16 The position is reinforced when voluntary creditors are considered. The lender to a company has the ability to adjust the interest rate it charges depending on the level of risk it perceives to be present. If the risk of insolvency is high, and consequently, the likelihood that the loan will not be repaid is high, the interest rate payable by the company is similarly going to be high. Another possibility is that the lender can require a personal guarantee from the shareholders of the company that they will make good the loan in the case of default. The trade creditor has similar options available. Along with the option of a personal guarantee, it will possess a large client base through which it can diversify its risk of loss. The tradesman, for example, knows that if credit is given, a proportion of the bills will not be paid each year. 35 The price set by the trade creditor will thus reflect a relatively predictable level of bad debts. 36 Moreover, those voluntarily interacting with a company know exactly what they are dealing with. The concept of limited liability is well known or if not, such knowledge is easily attainable. Section 25 of the 1993 Act requires companies to ensure that every written communication contains the company name. As Cooke P stated, by incorporating a one-man company it is made plain to all the world that limited liability [is] intended. 37 Therefore, while a number of benefits of limited liability are reduced when closelyheld companies are concerned, the default rule is justified. Although limited liability was intended for publicly-held companies engaged in large scale projects, the concept has undoubtedly been extended to all businesses that incorporate. In this way, Salomon must be seen as a case with enormous foresight. A closely-held company was confirmed as being able to reap the benefits of limited liability because those that deal with companies are aware of this and are able to protect themselves accordingly. The 1993 Act is entirely conformant to this view by placing very few restrictions on the ability to incorporate Ibid, Ibid, Trevor Ivory Ltd v Anderson [1992] 2 NZLR 517 at A company need have only one shareholder and one director and can be registered online for a total cost of merely $

17 With such clear legislative intent the words of Richmond P become pertinent when his Honour said any suggested departure from the doctrine laid down in Salomon v Salomon & Co Ltd should be watched very carefully. 39 However, as will be seen, there is the occasional need for departure. How the departure is made then becomes incredibly important. 39 Re Securitibank Limited (No 2) [1978] 2 NZLR 136 at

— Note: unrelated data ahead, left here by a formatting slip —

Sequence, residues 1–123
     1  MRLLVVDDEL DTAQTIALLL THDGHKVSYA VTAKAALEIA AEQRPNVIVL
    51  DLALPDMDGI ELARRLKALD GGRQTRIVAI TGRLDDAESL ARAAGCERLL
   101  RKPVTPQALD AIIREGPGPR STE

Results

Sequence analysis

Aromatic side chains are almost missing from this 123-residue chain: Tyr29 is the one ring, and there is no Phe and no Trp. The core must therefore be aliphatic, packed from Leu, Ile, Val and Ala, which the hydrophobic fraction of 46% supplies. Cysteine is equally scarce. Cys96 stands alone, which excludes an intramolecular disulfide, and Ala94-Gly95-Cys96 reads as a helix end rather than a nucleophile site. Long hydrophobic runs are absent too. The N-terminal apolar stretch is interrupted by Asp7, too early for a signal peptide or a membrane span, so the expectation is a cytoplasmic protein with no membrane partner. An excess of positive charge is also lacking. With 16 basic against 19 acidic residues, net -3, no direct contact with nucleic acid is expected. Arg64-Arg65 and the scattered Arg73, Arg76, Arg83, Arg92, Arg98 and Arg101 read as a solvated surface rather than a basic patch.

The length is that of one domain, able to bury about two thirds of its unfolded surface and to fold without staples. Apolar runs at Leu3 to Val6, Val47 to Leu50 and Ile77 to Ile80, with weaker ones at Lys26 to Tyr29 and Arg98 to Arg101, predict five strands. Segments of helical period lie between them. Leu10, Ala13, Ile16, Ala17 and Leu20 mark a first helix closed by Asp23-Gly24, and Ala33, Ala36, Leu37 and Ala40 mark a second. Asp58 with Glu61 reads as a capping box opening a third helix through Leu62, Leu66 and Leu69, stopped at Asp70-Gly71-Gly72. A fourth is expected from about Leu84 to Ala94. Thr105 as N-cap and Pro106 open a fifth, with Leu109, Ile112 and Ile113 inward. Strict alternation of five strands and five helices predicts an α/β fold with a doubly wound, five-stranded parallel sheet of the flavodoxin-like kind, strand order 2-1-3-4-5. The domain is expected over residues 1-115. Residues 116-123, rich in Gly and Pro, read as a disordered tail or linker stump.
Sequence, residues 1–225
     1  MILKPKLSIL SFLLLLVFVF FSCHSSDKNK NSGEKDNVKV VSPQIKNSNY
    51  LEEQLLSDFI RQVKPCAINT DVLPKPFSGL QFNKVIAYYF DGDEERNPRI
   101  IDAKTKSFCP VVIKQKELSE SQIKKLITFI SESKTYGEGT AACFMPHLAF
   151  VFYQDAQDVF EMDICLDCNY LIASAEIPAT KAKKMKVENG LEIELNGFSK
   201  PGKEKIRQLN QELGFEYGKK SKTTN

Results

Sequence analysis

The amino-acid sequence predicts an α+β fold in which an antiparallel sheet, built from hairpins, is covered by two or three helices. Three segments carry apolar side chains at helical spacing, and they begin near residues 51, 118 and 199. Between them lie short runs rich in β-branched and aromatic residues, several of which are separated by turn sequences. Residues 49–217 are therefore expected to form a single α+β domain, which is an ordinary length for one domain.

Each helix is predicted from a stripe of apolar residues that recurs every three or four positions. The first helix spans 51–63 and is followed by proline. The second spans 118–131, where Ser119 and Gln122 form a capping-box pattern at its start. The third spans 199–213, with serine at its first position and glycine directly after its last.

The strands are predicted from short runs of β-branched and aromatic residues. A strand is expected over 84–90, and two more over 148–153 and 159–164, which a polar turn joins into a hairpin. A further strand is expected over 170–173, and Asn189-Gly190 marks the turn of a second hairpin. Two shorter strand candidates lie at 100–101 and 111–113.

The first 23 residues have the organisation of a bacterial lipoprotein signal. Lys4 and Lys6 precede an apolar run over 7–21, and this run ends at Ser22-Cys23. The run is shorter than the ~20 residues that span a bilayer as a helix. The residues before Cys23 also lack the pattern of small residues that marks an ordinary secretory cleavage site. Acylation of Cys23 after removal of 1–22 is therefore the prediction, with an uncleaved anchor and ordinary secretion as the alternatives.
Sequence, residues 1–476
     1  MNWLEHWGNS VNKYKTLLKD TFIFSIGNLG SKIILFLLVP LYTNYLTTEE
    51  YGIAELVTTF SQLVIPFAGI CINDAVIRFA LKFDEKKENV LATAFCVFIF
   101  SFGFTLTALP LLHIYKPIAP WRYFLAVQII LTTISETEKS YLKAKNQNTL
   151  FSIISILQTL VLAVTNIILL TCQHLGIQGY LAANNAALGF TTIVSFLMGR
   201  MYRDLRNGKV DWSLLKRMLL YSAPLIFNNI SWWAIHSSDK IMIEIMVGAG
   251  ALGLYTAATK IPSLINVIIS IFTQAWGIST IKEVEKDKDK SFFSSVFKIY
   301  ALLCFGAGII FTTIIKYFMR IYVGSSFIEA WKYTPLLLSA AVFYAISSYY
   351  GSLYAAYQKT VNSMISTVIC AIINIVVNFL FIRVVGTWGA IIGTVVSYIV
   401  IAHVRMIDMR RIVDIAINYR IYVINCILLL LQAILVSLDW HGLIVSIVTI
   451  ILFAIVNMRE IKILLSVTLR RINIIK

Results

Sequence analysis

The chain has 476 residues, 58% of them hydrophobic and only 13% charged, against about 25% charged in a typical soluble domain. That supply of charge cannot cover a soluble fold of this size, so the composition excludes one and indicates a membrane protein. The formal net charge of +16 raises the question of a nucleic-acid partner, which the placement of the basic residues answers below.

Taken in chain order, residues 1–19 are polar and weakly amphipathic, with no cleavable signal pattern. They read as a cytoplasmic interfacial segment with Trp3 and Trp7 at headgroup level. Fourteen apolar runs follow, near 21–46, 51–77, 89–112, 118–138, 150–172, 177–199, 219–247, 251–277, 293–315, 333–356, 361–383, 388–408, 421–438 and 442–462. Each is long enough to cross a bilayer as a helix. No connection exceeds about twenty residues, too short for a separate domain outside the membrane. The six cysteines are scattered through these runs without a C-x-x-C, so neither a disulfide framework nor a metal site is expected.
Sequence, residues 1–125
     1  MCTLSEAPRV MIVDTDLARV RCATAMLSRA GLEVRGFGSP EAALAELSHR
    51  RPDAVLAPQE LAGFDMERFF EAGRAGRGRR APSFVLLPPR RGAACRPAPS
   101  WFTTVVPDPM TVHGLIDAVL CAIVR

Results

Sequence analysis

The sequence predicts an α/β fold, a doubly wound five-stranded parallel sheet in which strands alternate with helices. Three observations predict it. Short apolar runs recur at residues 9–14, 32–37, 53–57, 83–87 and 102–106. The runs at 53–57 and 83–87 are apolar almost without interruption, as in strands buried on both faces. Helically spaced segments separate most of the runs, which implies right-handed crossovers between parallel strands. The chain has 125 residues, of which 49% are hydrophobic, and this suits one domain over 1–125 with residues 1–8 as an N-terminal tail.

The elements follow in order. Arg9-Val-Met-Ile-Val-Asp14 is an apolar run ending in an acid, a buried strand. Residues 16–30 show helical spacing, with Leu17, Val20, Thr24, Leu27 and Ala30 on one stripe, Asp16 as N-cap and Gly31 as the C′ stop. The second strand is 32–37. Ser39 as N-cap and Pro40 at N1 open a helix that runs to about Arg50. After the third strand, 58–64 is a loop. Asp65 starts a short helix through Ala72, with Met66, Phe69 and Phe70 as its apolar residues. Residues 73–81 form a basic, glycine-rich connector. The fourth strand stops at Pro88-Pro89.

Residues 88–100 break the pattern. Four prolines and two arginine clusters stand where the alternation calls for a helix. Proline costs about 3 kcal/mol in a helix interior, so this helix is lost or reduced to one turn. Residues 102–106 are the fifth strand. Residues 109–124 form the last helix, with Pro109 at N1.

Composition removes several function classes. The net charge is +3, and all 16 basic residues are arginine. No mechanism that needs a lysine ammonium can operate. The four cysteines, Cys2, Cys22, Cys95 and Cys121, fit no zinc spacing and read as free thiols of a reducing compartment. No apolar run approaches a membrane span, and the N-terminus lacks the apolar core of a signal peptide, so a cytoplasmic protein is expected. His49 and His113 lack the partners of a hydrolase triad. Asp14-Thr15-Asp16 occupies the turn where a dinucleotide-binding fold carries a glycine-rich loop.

18 3. Potential for abuse The corporate form is not without its drawbacks. There is the potential, in particular, to abuse the concept of limited liability. This becomes most apparent in closely-held companies. A well documented form of this abuse is reckless trading. Although a voluntary creditor is able to adjust the terms on which it makes credit available, after it has done so it loses this ability. The concern is that after credit is extended a company may engage in irrationally risky activity that the creditor will not be able to fully compensate for. However, the likelihood of this is reduced so long as the company continues to return to the market for credit. 40 The problem arises when a company no longer envisages further funding. At this point the company is staring down the barrel of insolvency. The shareholders have already lost their contribution, therefore it is logical for the company to undertake an investment that is riskier but alone offers the possibility, albeit remote, of a bonanza payoff that will prevent insolvency. 41 Governments have therefore sought to eliminate this moral hazard. Section 135 of the 1993 Act provides that directors must not agree to the business of the company being carried on in a manner likely to create a substantial risk of serious loss to the company s creditors. More generally, s 136 provides that a director of a company must not agree to the company incurring an obligation unless the director believes at that time on reasonable grounds that the company will be able to perform the obligation when it is required to do so. The effectiveness of these reckless trading provisions is not relevant for present purposes. However, they are important as they illustrate the potential to abuse limited liability and show a need and willingness to address the issue. This then leads us to another type of corporate form abuse, that of phoenix company arrangements. 40 Goddard n.24 above, J Coffee Shareholders Versus Managers: The Strain in the Corporate Web (1986) 85 Michigan L Rev 1,